Higgins nbi garrison_cbb_may 2012


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Beyond the Buildings: Individuals and Systems Approaches to Deep Energy Savings in Existing Commercial Buildings.
Cathy Higgins, New Buildings Institute, at the Garrison Institute Climate, Buildings and Behavior Symposium May 2012

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Higgins nbi garrison_cbb_may 2012

  1. 1. Cathy HigginsResearch Director, New Buildings InstituteGarrison Climate, Buildings and Behavior May 23, 2012
  2. 2. New Buildings Institute (nbi)• National non‐profit, offices in WA• Board of Directors represent leaders in energy and green building • Sponsors  include progressive utilities, PBAs, market transformation entities, and work with federal / state gov and foundations• Strategic relationships with leading organizations including AIA, USGBC, WCEC, CLTC, CPUC, CEC, RMI, Earth Advantage, CIEE• Strong staff of leading technical experts and project managers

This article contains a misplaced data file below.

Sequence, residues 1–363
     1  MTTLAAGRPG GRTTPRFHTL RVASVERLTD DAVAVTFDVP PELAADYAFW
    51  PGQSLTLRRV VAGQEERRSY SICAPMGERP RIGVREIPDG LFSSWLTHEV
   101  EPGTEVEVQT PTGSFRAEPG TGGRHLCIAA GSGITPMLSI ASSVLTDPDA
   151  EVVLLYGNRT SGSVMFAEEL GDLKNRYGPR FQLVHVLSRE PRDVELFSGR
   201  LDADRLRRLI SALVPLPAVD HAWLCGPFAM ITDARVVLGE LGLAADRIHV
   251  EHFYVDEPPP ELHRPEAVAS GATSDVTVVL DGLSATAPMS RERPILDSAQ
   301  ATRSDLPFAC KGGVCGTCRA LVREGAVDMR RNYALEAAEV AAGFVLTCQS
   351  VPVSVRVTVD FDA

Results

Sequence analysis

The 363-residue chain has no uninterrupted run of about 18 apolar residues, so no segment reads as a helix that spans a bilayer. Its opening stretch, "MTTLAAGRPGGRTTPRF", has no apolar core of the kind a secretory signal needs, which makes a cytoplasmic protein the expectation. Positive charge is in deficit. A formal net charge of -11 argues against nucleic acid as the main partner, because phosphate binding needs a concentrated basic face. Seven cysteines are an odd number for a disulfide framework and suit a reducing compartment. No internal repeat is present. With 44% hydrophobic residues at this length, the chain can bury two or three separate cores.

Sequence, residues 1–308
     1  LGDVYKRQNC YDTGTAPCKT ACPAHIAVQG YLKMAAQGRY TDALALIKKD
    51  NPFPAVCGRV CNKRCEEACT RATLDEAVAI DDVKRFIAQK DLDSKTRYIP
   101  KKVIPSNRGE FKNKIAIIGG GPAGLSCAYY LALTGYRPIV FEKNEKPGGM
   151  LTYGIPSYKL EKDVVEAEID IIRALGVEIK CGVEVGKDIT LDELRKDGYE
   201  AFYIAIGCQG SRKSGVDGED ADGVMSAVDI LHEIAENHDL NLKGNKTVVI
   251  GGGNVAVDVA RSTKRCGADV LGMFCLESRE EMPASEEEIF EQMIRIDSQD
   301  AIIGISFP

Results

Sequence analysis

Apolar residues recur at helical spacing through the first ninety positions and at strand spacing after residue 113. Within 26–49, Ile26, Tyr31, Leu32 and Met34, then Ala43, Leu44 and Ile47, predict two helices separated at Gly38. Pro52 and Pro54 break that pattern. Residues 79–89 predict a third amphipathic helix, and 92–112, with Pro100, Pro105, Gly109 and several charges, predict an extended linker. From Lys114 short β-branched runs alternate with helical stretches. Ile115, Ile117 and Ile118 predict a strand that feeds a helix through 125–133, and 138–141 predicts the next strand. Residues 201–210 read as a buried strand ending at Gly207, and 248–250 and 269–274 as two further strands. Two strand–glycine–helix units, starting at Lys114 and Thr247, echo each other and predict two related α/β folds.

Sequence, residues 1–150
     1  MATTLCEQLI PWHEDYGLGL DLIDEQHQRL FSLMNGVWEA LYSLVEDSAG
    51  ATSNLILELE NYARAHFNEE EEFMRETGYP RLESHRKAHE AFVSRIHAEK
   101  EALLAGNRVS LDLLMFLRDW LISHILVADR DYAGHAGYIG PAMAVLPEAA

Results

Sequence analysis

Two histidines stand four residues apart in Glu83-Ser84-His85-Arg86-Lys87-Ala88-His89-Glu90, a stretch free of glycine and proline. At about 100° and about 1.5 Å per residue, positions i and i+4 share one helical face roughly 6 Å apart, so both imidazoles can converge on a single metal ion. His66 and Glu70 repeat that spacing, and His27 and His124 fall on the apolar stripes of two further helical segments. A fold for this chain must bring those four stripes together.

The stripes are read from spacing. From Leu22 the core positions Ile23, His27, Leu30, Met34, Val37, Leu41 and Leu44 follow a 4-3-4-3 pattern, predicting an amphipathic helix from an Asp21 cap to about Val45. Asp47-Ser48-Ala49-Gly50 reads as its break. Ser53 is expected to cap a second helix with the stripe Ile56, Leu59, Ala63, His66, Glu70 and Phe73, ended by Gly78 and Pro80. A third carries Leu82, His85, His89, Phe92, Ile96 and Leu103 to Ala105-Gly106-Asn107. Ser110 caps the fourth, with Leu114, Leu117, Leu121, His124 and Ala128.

3. 3. Two questions tonight:1) Who Cares?2) Can we Cluster?Slide  photos from Chris Pyke, USGBC
  4. 4. IndividualsImage courtesy of ILFI
  5. 5. IndividualsGroupsImage courtesy of ILFI
  6. 6. IndividualsGroupsSystemsImage courtesy of ILFI
  7. 7. Connecting the D‐O‐TsAudience Feedback Needs UsesDesign community What worked at the component level Whole building report cards Compatible benchmarks Verify design‐intent is met Improve future designs Benchmark to national goalsOwners & Operators Whole building report cards Action‐oriented guidance Results‐responsibility alignment Prioritizeenhancements Baselines for tracking progressTenants  System level / Plug Load Use Schedule data Environmental correlation Inform behavior Green Leases Shift of costs“It was a perfectly good building until people moved in.” ‐‐Steve Fry, Washington Dept of EcologyOther audiences:Policymakers ‐‐ Building Rating Systems ‐‐ Financial Institutions ‐ researchers